E.P.A. officials said their first priority was to address sites near people's homes. "In places where we see people living in close proximity to a mine and there are elevated readings, those are rising to the top of the list for urgent action," Mr. Tenley said.
Agency officials said they planned a more thorough review of the Cameron site - which still has no warning signs posted - within the next six months.
Meanwhile, Navajos continue to be exposed to high levels of radioactivity in the form of uranium and its decay products, like radon and radium. Those materials are known to cause health problems, including bone, liver, breast and lung cancer.
Lucy Knorr, 68, of Tuba City, Ariz., grew up near the VCA No. 2 mine operated by the Kerr-McGee Corporation, now defunct. Her father, a former miner, died of lung cancer at age 55 in 1980, and her family received a payout of $100,000 under the Radiation Exposure Compensation Act, a law that was enacted after her mother hired a lawyer and testified before Congress.
The program has awarded $1.5 billion for 23,408 approved claims since it was enacted in 1990.
Ms. Knorr's father was one of hundreds of Navajos who did not wear protective gear while working in the mine. "He'd wash at a basin outside" after leaving the mine, she said, "and the water would just turn yellow."
The government has been successful in tracking down and holding some former mining companies accountable. The E.P.A. is requiring that General Electric spend $44 million to clean up its Northeast Church Rock Mine, near Gallup, N. M. Chevron is paying to clean up the Mariano Lake Mine, also in New Mexico.
When the government cannot locate a responsible party, which is most often the case, the E.P.A. and the Department of Energy work with the tribal authorities to reach cleanup decisions. In general, the E.P.A. handles mines, while the Energy Department is responsible for the mills where the ore was processed and enriched.
One of the Department of Energy's biggest priorities is a billion-dollar uranium mine cleanup that is under way in Moab, Utah, and that received $108 million in federal stimulus money and the backing of nine congressmen.
Some Navajo officials point out that Interior Secretary Ken Salazar signed a 20-year moratorium on new uranium and other hard-rock mining claims on one million acres of federal land around the Grand Canyon in January, saying it was needed to preserve the mile-deep canyon and the river that runs through it. The mining industry is challenging that decision in court.
But the Navajo Nation, considered a sovereign government entity, has not gotten similar treatment from the federal government for its land, some of its officials say. The nation has asked for $500 million for mine cleanup, but the money has not materialized, said Eugene Esplain, one of two officials with the Navajo E.P.A. responsible for patrolling an area the size of West Virginia.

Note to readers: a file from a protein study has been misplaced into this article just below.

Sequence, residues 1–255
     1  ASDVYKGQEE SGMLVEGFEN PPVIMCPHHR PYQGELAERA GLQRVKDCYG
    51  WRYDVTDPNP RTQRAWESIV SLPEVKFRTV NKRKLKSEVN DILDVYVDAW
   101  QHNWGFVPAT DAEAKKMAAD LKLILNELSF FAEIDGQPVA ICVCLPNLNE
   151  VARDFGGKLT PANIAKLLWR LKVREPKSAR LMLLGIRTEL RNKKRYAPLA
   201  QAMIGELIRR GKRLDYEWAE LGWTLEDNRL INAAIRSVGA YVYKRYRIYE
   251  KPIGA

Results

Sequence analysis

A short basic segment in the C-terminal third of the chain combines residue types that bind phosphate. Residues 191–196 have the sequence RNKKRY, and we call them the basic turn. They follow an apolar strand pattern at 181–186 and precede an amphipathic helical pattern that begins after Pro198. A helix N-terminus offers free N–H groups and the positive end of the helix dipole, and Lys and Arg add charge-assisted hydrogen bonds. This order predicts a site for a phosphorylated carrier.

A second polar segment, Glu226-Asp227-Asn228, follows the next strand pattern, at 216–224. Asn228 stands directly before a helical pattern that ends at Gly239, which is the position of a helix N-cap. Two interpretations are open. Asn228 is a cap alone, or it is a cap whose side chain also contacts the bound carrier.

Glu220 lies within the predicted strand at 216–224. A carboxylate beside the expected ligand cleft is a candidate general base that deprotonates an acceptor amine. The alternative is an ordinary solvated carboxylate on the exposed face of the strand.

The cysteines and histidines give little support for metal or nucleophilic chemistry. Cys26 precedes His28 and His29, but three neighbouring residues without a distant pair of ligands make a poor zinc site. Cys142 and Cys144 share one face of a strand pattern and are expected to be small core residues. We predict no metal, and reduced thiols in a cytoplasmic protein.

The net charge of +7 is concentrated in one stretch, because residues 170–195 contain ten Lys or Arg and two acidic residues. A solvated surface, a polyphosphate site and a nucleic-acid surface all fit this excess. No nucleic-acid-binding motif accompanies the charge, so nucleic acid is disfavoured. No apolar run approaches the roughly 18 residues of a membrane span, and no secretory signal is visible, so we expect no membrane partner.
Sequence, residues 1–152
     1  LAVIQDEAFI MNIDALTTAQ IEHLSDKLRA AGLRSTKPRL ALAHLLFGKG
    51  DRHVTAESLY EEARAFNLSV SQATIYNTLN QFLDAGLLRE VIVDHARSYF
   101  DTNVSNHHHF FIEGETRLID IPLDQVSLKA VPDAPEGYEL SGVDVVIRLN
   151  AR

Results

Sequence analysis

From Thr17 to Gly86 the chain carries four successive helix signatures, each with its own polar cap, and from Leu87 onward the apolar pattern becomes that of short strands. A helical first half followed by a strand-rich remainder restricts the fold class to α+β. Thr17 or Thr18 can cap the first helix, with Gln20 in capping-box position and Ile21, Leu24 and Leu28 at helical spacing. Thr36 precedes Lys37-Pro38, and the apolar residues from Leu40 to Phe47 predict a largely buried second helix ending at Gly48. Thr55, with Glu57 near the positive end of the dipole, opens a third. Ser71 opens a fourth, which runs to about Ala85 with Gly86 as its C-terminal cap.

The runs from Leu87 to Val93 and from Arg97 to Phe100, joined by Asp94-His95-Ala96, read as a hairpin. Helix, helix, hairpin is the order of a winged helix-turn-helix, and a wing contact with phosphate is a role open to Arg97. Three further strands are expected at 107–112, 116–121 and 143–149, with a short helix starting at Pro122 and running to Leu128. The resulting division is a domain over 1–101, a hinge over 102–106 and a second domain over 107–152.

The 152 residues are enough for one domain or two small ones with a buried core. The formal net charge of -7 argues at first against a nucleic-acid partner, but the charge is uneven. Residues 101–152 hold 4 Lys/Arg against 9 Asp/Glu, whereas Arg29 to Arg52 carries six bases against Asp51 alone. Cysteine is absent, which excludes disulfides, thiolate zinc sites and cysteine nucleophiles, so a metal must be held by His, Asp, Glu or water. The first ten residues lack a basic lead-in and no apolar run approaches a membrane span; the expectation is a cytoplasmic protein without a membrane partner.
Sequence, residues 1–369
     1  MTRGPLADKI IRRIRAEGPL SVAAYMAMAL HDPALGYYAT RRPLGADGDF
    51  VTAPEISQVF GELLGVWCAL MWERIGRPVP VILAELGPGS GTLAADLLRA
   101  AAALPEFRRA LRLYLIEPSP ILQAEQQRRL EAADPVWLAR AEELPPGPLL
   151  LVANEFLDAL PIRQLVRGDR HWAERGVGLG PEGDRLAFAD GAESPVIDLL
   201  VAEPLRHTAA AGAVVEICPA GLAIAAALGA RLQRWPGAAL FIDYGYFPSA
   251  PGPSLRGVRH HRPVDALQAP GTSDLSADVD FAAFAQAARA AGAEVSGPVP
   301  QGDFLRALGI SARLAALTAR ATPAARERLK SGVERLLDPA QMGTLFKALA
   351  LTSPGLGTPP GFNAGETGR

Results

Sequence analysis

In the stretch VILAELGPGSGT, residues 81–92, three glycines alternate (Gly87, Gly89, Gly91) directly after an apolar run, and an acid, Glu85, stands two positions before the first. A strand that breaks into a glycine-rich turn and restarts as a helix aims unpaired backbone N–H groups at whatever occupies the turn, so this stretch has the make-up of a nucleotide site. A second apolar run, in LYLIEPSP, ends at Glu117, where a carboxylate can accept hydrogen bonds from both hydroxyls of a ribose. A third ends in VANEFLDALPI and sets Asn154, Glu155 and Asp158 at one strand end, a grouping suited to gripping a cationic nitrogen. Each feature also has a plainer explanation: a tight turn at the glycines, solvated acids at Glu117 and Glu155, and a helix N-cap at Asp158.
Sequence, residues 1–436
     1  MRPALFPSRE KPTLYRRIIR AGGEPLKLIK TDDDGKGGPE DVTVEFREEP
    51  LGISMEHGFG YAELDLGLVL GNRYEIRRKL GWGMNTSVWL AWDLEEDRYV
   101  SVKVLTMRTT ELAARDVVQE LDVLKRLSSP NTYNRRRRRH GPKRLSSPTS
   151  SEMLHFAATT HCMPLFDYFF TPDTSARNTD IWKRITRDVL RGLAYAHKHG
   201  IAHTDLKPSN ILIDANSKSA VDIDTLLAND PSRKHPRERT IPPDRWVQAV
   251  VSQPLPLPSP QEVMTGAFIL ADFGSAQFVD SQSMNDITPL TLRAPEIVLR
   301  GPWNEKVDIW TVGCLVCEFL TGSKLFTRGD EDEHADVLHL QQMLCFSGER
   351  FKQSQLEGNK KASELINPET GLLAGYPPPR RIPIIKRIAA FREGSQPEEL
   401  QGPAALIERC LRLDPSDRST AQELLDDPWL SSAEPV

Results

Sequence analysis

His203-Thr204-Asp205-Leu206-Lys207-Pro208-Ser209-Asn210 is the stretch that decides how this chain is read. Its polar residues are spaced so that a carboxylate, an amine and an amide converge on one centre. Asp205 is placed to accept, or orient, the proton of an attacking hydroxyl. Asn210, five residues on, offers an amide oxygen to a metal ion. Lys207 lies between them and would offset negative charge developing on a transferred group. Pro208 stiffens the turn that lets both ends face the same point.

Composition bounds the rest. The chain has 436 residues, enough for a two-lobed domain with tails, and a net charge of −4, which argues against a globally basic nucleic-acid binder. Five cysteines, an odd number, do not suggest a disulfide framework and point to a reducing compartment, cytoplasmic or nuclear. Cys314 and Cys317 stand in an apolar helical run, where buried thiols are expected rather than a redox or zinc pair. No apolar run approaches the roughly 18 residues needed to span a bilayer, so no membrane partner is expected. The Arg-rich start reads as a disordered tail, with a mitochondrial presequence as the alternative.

Taylor McKinnon, a director at the Center for Biological Diversity, an environmental group that worked to halt new mining claims near the Grand Canyon, said the Cameron site was the worst he had seen in the Southwest. He has even seen cow droppings near the mine, he said, an indication that cattle are grazing there. And "people are eating those livestock," he said.
Ronald Tohannie, a project manager with the Navajo advocacy group Forgotten People, said the locally grown beef was tested at the slaughterhouse, but not for the presence of radioactive substances like uranium.
When E.P.A. officials in the California office overseeing the region were asked to accompany a reporter to the Cameron mine site, they countered with an offer to visit the Skyline Mine in Utah, on the northern boundary of the reservation in Monument Valley, where a big federal cleanup was completed last October.
The onetime mine, atop a 1,000-foot mesa, provides a sweeping panorama of the red valley below. Just one tiny dwelling is visible, the packed-earth hogan of Elsie Begay, a 71-year-old Navajo woman. Ms. Begay was featured in a series of articles in The Los Angeles Times in 2006 about serious illnesses that several of her family members developed after living in the area for many years.
The publicity "might have bumped the site up the priority list," said Jason Musante, who oversaw the $7.5 million cleanup of the mine for the E.P.A.
In trailers and cinder-block dwellings on the Navajo reservation, there is deep cynicism and apprehension about the federal effort. "That's what they want you to see: something that's all nice and cleaned up," said the Navajo manager of a hotel near the Skyline mine. He asked not to be identified, saying that he had already come under government scrutiny for collecting water samples from the San Juan River for uranium testing at a private lab.
For some Navajos, the uranium contamination is all of a piece with their fraught relationship with the federal government.
"They're making excuses, and they've always made excuses," Ms. Knorr said. "The government should have had a law in place that told these mining companies: you clean up your mess when you leave."